Orangutans affect me the most. They are smarter than chimpanzees. They learn and adapt more quickly, they make extensive use of tools. Their faces are so intelligent. Once, at a zoo, I spent several minutes staring in what I hoped was a non-threatening way at a large male having a rest against the cool Plexiglas window on the second level of the orangutan area. He had a burlap sack over his head to shade himself. In the jungle, orangutans use banana leaves; here, the zoo provided sacks, which were in demand on this hot day. He and I watched each other for a while. He raised his eyebrows when I moved closer. I raised mine back. He scratched his armpit, mine started to itch. He yawned, I yawned. I tried not to anthropomorphize (it’s difficult with animals that look so human) but he seemed curious, then bored, and then he went to sleep.
I watched him over a small distance, maybe two to three feet, a distance that seemed as small as the physiological distance between the two of us. Just a pinch of DNA here and there, maybe a couple rearrangements of sequences, and I am a human and he is an orangutan. But the truer measure of distance yields a vast gap. It’s that thing that no one understands well but we call “consciousness.” Philosophers, biologists, physicists, and computer scientists have all tried to define it; all the definitions differ. But nearly all of the thinkers I’ve read on this topic agree that humans have it and other animals do not.
A chimpanzee can recognize itself in a mirror; so can orangutans and, I believe, gorillas. This is a species of consciousness. Dogs, cats and birds, for example, react to their reflections as if seeing second animal. Most animals can learn, be conditioned with food rewards or punishments. Chimpanzees have rudimentary reasoning and planning skills. Many animals have emotions (although they do not, to our knowledge, understand them as such), many animals have complex social structures. Chimpanzees in particular have fascinating interlocking social hierarchies, and behaviors that look a lot like politics (right down to the baby-kissing, on occasion). Nearly all of what is present in humans is also present in our closest relatives.
Descartes believed it was language that set human beings apart from other animals, which I would call the ability to represent the world in symbols and manipulate it accordingly. I tend to agree. While all animal species communicate, none seem to be able to master to any significant degree, the ability to understand the relationship between a set of symbols and the world. As a result, none but humans can use those symbols to create things that did not exist but are brought into existence as a result of this symbolic understanding. Or, the idea to build a wheel likely preceded the wheel.
Then again, the human brain is itself a mystery. I read a book by a cognitive psychologist called Julian Jaynes, with the irresistible title The Origin of Consciousness in the Breakdown of the Bicameral Mind. Jaynes’ theory is roughly that consciousness evolved in human beings many thousands of years after the species evolved. Up until about 3000 years ago, we just heard voices and did as we were told, because the two hemispheres of our brains were not yet fully connected.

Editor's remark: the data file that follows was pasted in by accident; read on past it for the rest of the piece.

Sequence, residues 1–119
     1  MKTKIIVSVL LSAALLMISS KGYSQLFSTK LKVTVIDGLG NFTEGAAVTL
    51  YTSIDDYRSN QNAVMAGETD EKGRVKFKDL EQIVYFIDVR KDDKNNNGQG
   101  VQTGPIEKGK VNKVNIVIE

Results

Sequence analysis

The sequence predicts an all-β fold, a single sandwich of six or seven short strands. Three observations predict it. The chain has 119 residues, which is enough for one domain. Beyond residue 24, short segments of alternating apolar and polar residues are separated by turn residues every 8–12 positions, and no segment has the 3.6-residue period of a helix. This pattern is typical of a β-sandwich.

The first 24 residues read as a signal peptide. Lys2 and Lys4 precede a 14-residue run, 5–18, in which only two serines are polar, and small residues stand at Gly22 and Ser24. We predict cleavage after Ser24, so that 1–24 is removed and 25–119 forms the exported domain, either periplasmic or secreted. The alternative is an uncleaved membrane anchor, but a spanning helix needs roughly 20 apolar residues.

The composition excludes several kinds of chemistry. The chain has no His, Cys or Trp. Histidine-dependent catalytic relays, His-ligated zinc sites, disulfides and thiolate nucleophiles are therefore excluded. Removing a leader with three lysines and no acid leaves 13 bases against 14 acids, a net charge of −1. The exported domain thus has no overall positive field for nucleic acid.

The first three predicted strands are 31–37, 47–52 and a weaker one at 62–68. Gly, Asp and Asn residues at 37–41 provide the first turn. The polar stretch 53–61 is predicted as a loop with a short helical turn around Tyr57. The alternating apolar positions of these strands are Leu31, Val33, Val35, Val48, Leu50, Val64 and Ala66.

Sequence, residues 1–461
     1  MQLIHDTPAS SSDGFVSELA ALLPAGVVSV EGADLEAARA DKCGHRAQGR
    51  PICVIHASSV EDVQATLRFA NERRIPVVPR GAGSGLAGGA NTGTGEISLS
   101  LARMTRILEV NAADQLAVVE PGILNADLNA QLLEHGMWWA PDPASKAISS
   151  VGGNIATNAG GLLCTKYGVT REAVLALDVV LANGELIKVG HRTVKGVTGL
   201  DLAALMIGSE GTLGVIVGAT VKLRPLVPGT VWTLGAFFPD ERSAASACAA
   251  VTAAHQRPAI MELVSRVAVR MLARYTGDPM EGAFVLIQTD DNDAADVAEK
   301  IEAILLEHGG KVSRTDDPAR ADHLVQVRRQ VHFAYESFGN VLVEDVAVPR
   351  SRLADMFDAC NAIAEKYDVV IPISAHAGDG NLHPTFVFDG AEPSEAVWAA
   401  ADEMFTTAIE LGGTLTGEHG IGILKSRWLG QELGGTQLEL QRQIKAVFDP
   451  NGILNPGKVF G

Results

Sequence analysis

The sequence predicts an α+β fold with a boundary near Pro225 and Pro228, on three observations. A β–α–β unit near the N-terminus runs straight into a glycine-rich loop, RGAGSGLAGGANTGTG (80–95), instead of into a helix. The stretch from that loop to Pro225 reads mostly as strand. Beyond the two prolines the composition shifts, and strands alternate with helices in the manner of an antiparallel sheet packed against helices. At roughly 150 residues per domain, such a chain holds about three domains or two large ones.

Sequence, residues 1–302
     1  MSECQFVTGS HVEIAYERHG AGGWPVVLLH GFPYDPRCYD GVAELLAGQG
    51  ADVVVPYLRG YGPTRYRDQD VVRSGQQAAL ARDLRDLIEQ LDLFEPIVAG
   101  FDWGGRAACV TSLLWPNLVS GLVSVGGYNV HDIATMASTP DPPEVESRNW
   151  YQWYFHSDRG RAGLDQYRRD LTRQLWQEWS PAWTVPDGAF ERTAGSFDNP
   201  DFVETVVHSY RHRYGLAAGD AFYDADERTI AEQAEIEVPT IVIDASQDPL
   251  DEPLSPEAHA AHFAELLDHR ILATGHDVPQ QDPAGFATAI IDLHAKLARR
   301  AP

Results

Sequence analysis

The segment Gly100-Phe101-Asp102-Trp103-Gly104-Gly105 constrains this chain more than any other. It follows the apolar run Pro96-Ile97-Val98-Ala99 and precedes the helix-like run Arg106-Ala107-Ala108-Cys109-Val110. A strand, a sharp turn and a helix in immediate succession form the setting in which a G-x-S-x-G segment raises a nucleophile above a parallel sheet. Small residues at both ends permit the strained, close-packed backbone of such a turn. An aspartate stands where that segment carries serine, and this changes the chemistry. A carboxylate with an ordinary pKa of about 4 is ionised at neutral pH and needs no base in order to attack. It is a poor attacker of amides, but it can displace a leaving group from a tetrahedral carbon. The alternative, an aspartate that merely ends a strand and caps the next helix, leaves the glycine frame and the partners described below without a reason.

It’s not that far-fetched. Ancestor worship is probably the earliest form of religion in human beings. What better way to understand death than to attribute the voice in one’s head to the recently deceased relative or leader? Dead mothers and fathers eventually became gods and goddesses, ordering us to act in certain ways from the left hemisphere (language, ordering of stimuli and planning) and understood and obeyed as a familiar voice in the right brain (intuition, emotion, creativity). Also, if we believe, per Papa Darwin, nature does not make leaps, it makes more intuitive sense that consciousness evolved separately in humans after the speciation event, rather than bam! Humans! Consciousness!
Jaynes was never taken very seriously by his colleagues. This inclines me to him. Also, he describes several split-brain studies and studies done with people who suffered various types of brain damage that suggest there is something to his theory. As a last resort for severe epileptics, a neurosurgeon may sever the corpus callosum (the neuronal tissue that connects the two hemispheres of the brain) to prevent the electrical storm from spreading. These patients can generally communicate and act normally, but when certain perceptual and cognitive functioning is tested, the results are seriously bizarre. When asked to both identify and point to a picture of an apple, a patient told the experimenter she could not see an apple, even as her left hand was reaching towards the picture.
Other studies Jaynes cites involve brain damaged patients hearing voices, having visual hallucinations (very, very rare without the aid of psychotropic drugs) and various and sundry other—forgive me—wicked cool results, suggesting that indeed there are two brains inside our heads and it is the connection of these two brains that somehow creates something called “consciousness.”
We’ll probably never know. And I suppose this is my urge to fill the gap. I want to know. I want to know what orangutans are thinking. I want to know what a chimpanzee thinks when she sees me looking at her. I want to know what something that isn’t human makes of humanity.For now, I’ll accept the fantasy and science fiction that at least provides insight into what human beings think that non-human beings think of human beings. It’s why I love Tolkien’s Ents. Forget orangutans. What would an ancient tree-herder make of all this?